It has taken me a painstakingly long time to write this, but it has laid too heavy on my heart not to share, so here goes.
Last year, my team and I witnessed a white manager (WM) repeatedly discriminate against our former Black manager (BM): speaking ill of her; excluding her from key meetings; trying to assign us work without first clearing it with BM. We attempted to address this with WM, but to no avail. So we obtained permission from BM to escalate the issue on her behalf.
It was very difficult to report this above because it involved our superiors. Additionally, we worried about being seen as ‘trouble makers’ for bringing to light something we felt the organization would rather turn a blind eye to. After a number of consultations with our human resources (HR) department, we chose to go to our vice president (VP). We chose this VP because she had been involved in Black mental health activities and this was a small but meaningful sign of safety for us.
When our director (D) became involved, her approach felt to us more like an interrogation than an investigation. We recognize she needed to gather the appropriate information but it felt as if she thought we fabricated the events. Eventually, D called us into a meeting with HR because she said she had addressed the issue and wished to provide us with an update. D spent the majority of that meeting, however, asking us four distinct times why we first went to our VP rather than D, followed by the explicit statement that by not seeing safety in her, we had discriminated against D’s whiteness.
While this was unfolding, all I could think was how incredibly textbook D had played out white fragility. From the start, D’s investigative approach had the tone of an interrogation, and with that, of gaslighting around whether race was an issue in this. One of D’s preliminary questions was if WM ever used any derogatory slurs about BM; but this just isn’t how racism manifests in the modern day. So to lead with this question was highly problematic in terms of validating our concerns and fostering a safe environment for this reporting. Also, D’s scrutinizing of our reporting process rather than the actual discrimination was a form of tone policing, an unconscious or conscious attempt to detract from the validity of our report by attacking the manner in which we presented it. And finally, D’s accusation of us discriminating against her whiteness was groundless. This would mean there was a reverse racism and a reverse victimization that does not exist, particularly when you consider the power differential between her position and our position in the organization, in addition to the power and privilege she holds as a white woman versus us as women of colour.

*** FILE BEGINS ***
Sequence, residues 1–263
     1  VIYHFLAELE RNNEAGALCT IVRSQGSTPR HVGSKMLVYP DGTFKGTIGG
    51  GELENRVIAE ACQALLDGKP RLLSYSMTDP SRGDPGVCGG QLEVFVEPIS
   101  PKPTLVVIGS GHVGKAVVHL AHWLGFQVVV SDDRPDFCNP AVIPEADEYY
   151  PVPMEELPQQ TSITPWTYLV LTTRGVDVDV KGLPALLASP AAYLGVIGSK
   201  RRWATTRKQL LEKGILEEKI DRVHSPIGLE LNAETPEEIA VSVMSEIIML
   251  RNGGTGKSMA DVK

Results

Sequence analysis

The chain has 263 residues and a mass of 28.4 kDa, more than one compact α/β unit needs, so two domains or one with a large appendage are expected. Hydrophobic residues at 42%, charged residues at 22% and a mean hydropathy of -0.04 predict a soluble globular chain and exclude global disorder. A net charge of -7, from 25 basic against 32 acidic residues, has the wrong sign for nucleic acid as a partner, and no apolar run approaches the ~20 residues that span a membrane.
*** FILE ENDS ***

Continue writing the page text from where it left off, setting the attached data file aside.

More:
We were able to circle back to our VP to update her on all that had happened, and are grateful that we had the opportunity to be heard and acknowledged by the senior leadership of our organization. However, beyond this, it is not clear what action was taken to rectify the issue.
A few months later, BM was mysteriously ‘let go’ from the organization due to a supposed restructuring, which basically manifested as another white manager taking over her portfolio. This was a devastating loss for BM and for my team and I. Unfortunately, this is where this story ends; there is no hopeful resolution or happy ending.
I understand and acknowledge that the events that transpired are far from being the worst. But the harsh reality is that as with too many such stories, BM suffered the worst of it and my team and I were reprimanded for being her allies. It has been very challenging to continue working with WM and D, business as usual, after all of this. As far as I know, they did not suffer any consequences minus a possible momentary discomfort in being questioned around their racist actions.
I have spent a lot of time angrily questioning God about the perpetuation of this kind of injustice. To be honest, over this past year, I have been heavy with a deep hopelessness and despair about the many injustices of this world in a way that I have never felt or experienced before. But somewhere inside of me, I know that although there is no happy ending for this particular story, the overall story is not yet finished and it will progress regardless of my personal feelings, or hopelessness, about it. Maybe that is the grace and love of God that somehow provides a flicker of hope amidst all of this darkness. If that is the case, I will cling desperately to this.
In Kee Kim says
Thank you, Jenny, for the honest reflection of what you experienced at work. I am sorry that you went through all of that. This is happening right near us and we should be always aware of what’s happening around us and name it. Thank you for naming that. It won’t be an easy battle but we should keep fighting because our God is God of justice. Our God is God who takes sides on those who are weak and vulnerable. That was exactly what you did. I am very proud of your action. Thank you!